Verse > Anthologies > Henry Wadsworth Longfellow, ed. > Poems of Places > America
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Henry Wadsworth Longfellow, ed.  Poems of Places: An Anthology in 31 Volumes.
America: Vols. XXV–XXIX.  1876–79.
 
Middle States: Norman’s Kill (Tawasentha), N. Y.
The Falls of Norman’s Kill
Alfred Billings Street (1811–1881)
 
(Excerpt)

A DAY in Indian Summer: here, the sky
Shows a bright veil of silver; there, a shade
Of soft and misty purple, with the fleece
Of downy clouds, and azure streaks between.
The light falls meekly, and the wooing air        5
Fans with a brisk vitality the frame.
The woods have lost the bright and varied charm
Of magic Autumn, and the faded leaves
Hide with one robe of brown the earth that late
Glowed like the fabled gardens of the East.        10
Still all around is lovely. Far the eye
Pierces the naked woods, and marks the shades,
Like prone black pillars with their capitals,
Formed by the sprays; and rocks, ravines, and mounds
(Hidden when Summer smiles), and sparkling rills,        15
Trickling o’er mossy stones.
                        A low, stern tone
Rumbles upon the air, as, winding down
The gullied road, I seek the gorge where flows
The stream to mingle with the river flood
In the brief eastward distance. On my left        20
Are the brown waters, a high rocky isle
Like a huge platform midway; and the steep
Tree-columned ridge, in summer dense with shades,
But ragged now with gaunt and leafless boughs,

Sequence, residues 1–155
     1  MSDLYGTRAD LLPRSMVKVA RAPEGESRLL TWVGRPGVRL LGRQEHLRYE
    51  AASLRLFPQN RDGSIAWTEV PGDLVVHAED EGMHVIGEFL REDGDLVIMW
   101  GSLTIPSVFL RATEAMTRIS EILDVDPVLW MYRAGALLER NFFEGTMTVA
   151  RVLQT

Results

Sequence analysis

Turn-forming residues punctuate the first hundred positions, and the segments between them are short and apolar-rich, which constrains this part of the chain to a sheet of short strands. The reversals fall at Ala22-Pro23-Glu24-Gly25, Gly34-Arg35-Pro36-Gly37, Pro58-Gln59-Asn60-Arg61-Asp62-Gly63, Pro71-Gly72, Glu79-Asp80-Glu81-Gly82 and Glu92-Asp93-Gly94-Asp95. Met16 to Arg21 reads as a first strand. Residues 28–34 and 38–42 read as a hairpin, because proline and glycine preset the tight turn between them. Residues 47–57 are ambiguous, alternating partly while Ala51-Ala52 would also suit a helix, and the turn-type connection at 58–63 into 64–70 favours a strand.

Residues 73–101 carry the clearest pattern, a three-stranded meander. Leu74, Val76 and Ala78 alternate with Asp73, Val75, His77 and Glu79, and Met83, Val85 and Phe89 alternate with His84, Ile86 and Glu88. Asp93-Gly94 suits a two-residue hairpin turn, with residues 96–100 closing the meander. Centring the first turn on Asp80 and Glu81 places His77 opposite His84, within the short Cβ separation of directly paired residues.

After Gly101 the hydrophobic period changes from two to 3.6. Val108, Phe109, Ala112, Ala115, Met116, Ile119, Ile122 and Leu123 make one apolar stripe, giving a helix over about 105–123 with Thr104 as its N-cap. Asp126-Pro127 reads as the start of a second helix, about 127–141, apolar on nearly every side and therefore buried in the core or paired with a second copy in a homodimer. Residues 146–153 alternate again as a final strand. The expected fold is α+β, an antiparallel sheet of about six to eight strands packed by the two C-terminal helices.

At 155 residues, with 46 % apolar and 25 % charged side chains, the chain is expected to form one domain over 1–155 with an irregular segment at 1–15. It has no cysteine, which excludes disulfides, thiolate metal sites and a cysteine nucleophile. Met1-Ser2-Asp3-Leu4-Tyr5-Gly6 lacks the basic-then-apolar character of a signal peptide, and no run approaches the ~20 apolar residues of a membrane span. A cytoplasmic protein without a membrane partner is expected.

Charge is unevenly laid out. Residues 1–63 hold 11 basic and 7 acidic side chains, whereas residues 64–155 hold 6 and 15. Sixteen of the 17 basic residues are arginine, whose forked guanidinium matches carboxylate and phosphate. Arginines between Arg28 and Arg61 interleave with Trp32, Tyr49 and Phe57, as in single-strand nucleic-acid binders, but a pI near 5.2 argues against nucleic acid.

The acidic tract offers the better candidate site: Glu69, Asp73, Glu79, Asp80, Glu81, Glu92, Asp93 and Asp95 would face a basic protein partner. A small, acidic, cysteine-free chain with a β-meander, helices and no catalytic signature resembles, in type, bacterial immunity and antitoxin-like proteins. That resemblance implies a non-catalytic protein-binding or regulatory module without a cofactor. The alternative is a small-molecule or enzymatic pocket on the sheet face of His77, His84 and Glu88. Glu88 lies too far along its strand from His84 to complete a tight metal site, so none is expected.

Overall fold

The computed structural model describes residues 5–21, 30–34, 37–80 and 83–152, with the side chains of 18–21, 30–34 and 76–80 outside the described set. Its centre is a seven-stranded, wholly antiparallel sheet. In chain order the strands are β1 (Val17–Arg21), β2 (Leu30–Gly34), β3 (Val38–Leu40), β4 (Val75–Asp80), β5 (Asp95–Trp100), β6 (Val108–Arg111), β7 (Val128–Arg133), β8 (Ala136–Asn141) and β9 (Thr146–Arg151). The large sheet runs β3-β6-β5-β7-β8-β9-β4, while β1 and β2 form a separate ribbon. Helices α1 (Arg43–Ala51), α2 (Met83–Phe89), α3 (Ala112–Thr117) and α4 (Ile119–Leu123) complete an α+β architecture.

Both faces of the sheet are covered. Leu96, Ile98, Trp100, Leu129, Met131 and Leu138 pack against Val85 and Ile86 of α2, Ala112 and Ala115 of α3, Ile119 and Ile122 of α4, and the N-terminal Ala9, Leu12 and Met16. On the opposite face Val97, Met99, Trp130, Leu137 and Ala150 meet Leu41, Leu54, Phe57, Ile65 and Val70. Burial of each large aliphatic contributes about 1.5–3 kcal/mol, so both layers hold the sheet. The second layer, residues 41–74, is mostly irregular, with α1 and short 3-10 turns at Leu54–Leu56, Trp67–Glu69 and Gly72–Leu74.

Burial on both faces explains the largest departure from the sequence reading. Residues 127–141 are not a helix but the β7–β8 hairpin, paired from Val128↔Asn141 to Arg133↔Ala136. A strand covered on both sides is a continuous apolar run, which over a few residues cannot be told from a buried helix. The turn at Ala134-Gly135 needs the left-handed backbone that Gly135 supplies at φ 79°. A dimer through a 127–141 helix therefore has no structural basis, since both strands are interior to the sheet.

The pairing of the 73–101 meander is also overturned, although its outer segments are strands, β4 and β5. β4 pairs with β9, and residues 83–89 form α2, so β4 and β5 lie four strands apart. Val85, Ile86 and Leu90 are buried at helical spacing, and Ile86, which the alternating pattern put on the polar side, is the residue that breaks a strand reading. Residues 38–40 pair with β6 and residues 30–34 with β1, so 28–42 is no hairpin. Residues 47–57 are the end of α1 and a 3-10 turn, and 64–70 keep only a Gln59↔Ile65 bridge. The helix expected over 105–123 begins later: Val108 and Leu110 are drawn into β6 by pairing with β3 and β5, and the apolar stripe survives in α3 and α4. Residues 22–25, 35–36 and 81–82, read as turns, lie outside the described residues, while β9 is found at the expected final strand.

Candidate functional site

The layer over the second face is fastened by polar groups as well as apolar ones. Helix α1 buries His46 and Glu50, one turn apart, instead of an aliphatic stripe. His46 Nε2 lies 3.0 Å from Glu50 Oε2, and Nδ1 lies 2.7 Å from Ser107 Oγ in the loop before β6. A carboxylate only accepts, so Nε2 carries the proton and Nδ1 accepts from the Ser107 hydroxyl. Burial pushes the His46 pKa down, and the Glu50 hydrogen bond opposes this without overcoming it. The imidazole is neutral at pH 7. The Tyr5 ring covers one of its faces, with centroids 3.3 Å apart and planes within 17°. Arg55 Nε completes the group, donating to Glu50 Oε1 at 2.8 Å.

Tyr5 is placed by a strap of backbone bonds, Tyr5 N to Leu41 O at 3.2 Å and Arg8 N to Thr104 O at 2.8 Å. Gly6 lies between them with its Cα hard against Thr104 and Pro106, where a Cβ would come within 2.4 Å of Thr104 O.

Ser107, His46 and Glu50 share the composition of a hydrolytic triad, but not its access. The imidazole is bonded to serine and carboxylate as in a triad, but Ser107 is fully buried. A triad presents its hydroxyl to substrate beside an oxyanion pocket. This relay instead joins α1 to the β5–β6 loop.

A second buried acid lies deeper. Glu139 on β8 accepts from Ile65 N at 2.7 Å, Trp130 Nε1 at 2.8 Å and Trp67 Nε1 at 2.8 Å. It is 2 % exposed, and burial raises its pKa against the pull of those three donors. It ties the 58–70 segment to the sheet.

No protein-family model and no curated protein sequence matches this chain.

And only green where stand the kingly pines        25
And princely hemlocks. On my right the bank,
Of slate and crumbling gravel, pitches down
Now sheer, now hollowed out, the dark blue clay
Showing its strata veins, while on the edge,
High up and dwarfed by distance, cling tall trees.        30
A rocky rampart, seamed and dashed with white,
Is piled before me, and the bending sky
Close at its back. Advancing, with the sound
Louder and louder, waters leap and gush
And foam through channelled outlets; dashing now        35
O’er terraces, now flinging o’er a rock
A shifting fringe of silver, shooting quick
Through some deep gully, like a glassy dart,
And now in one rich mass of glittering foam
Sent downward, with light particles of spray        40
In white smoke rising.
                    Like the puny wrath
Of the weak child, to manhood’s passion-burst
When his fierce heart is flaming; like the voice
Of the low west-wind, to the mighty sweep
Of the roused northern storm-blast, art thou now,        45
O rushing stream! to when the roaring rains
Have swelled thy fountains, and with thundering shocks,
Foaming and leaping, thou dost dash along,
Restrainless in thy awful force, to rend
And whirl and whelm, until a mightier wave        50
Swallows thy raging being. Bridge and tree,
Torn into fragments, roll and plunge and toss,
Till those that now might look on thee and smile,
Turn grave and tremble.
*        *        *        *        *
 
 
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